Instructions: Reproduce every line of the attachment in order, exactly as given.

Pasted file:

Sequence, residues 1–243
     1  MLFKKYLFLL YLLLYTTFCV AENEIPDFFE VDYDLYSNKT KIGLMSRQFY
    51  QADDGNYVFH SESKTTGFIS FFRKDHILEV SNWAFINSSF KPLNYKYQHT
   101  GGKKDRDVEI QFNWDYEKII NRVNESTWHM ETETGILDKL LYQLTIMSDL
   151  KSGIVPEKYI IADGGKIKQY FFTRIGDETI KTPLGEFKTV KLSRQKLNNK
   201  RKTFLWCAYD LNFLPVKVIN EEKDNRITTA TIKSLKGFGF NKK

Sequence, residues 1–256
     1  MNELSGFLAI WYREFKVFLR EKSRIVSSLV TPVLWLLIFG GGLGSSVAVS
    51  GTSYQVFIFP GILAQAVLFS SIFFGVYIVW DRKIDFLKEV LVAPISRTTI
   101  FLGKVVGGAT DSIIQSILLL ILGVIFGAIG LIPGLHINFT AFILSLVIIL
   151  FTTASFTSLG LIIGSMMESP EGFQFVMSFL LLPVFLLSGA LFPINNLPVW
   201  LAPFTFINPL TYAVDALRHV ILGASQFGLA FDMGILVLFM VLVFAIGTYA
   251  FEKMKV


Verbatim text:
Sequence, residues 1–243
     1  MLFKKYLFLL YLLLYTTFCV AENEIPDFFE VDYDLYSNKT KIGLMSRQFY
    51  QADDGNYVFH SESKTTGFIS FFRKDHILEV SNWAFINSSF KPLNYKYQHT
   101  GGKKDRDVEI QFNWDYEKII NRVNESTWHM ETETGILDKL LYQLTIMSDL
   151  KSGIVPEKYI IADGGKIKQY FFTRIGDETI KTPLGEFKTV KLSRQKLNNK
   201  RKTFLWCAYD LNFLPVKVIN EEKDNRITTA TIKSLKGFGF NKK

Sequence, residues 1–256
     1  MNELSGFLAI WYREFKVFLR EKSRIVSSLV TPVLWLLIFG GGLGSSVAVS
    51  GTSYQVFIFP GILAQAVLFS SIFFGVYIVW DRKIDFLKEV LVAPISRTTI
   101  FLGKVVGGAT DSIIQSILLL ILGVIFGAIG LIPGLHINFT AFILSLVIIL
   151  FTTASFTSLG LIIGSMMESP EGFQFVMSFL LLPVFLLSGA LFPINNLPVW
   201  LAPFTFINPL TYAVDALRHV ILGASQFGLA FDMGILVLFM VLVFAIGTYA
   251  FEKMKV